The key to building wealth is developing good habits—like regularly putting money away every month. Swap out the barista-made cappuccinos for coffee at home and you could already be saving more than $50 a month.

Once you have a little money to play with, you can start to invest.

In 2020, you can get a date, a ride or a pizza with the swipe of a smartphone screen. Investing is no different. If you can automate your bills, why not your investments? It’s just as easy.

With a robo-advisor, you can make your money work while you play. And just like Halloween costumes, investing comes in many different forms. It shouldn’t be a scary word.

Whether it’s opening a savings account, investing in your retirement or the real estate market, investing for beginners is simpler and more straightforward than ever before.

Soon you’ll see how addictive growing your money can be.

Here are six simple ways to get there:

Saving money and investing it are closely connected. In order to invest money, you first have to save some up. That will take a lot less time than you think, and you can do it in very small steps.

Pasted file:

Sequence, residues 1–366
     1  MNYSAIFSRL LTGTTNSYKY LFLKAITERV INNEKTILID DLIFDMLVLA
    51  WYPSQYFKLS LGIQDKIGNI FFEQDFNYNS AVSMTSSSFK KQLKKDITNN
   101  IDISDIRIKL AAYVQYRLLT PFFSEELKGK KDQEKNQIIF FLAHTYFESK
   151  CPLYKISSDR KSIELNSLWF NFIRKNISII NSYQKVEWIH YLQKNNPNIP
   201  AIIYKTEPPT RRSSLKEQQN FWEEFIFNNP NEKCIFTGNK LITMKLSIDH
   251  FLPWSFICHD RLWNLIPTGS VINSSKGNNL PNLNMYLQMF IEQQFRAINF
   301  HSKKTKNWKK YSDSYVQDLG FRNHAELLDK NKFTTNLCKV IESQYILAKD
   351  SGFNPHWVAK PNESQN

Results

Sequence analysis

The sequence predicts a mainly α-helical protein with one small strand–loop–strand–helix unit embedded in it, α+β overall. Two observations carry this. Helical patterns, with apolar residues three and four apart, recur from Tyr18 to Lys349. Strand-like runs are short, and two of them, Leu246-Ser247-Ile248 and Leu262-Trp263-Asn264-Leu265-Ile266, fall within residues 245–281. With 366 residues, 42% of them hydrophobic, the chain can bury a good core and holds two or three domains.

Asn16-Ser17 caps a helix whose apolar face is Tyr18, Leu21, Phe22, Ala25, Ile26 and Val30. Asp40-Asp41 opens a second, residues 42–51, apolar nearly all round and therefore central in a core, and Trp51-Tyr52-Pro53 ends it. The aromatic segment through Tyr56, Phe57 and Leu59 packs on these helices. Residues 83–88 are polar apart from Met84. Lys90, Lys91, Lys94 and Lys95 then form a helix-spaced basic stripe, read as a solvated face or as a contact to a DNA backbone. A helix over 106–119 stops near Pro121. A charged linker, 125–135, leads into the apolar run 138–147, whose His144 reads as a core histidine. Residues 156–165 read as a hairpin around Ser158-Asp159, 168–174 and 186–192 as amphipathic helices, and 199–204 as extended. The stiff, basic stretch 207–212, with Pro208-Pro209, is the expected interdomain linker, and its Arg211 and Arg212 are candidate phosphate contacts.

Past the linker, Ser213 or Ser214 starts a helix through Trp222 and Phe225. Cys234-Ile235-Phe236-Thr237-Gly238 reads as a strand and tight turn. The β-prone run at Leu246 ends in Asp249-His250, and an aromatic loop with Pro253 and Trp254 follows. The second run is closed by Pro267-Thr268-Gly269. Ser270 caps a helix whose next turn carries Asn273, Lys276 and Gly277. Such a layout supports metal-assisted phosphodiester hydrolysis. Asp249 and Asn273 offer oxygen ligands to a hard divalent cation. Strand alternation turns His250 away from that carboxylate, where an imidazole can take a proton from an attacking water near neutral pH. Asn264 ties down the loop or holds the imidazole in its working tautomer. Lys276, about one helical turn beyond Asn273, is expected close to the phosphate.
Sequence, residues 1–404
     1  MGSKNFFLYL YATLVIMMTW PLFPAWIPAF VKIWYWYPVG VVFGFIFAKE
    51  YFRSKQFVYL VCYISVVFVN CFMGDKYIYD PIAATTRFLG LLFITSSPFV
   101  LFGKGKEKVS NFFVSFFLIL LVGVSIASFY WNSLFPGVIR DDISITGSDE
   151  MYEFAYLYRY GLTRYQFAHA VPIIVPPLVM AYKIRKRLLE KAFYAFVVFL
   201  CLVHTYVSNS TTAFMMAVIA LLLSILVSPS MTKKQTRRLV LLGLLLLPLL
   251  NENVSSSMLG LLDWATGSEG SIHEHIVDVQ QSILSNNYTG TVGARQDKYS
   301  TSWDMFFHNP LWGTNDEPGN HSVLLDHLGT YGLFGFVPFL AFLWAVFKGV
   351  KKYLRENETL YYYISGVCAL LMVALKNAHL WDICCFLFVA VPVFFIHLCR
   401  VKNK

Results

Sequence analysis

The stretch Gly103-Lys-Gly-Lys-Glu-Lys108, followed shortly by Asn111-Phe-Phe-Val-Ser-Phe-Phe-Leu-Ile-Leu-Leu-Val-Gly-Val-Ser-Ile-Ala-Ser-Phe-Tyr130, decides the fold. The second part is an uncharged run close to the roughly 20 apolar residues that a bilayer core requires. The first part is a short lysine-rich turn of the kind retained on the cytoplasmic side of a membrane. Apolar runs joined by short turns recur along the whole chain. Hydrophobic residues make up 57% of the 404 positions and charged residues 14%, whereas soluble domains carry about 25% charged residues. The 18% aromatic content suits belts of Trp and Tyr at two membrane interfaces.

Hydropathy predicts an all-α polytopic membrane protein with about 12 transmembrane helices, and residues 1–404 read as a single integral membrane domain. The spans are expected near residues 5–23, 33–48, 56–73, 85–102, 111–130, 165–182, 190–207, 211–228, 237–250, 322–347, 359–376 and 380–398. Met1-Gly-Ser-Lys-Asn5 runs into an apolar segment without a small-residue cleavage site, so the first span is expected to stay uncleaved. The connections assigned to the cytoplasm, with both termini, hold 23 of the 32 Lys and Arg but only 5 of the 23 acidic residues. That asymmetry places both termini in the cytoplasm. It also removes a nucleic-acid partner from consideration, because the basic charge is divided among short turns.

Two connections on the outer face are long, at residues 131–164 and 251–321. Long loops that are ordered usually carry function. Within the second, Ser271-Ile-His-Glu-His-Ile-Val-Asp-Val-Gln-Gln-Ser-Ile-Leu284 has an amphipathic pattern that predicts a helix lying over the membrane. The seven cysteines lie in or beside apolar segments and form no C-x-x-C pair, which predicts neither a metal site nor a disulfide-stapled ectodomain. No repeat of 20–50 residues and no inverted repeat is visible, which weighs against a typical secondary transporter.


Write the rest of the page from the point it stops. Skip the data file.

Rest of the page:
If you’ve never been a saver, you can start by putting away just $10 per week. That may not seem like a lot, but over the course of a year, it comes to over $500.

Try putting $10 into an envelope, shoebox, a small safe, or even that legendary bank of first resort, the cookie jar. Though this may sound silly, it’s often a necessary first step. Get yourself into the habit of living on a little bit less than you earn, and stash the savings away in a safe place.

Discover Bank currently offers a strong 1.50% APY on their online savings account. There is no minimum deposit required and no monthly maintenance fees (or other fees) associated with a Discover Bank online savings account so the yield is earned on all balances.

The brand also offers high-yield CD’s, checking and money market accounts so if you want to diversify your deposits portfolio a little bit, Discover Bank has a lot of what you need.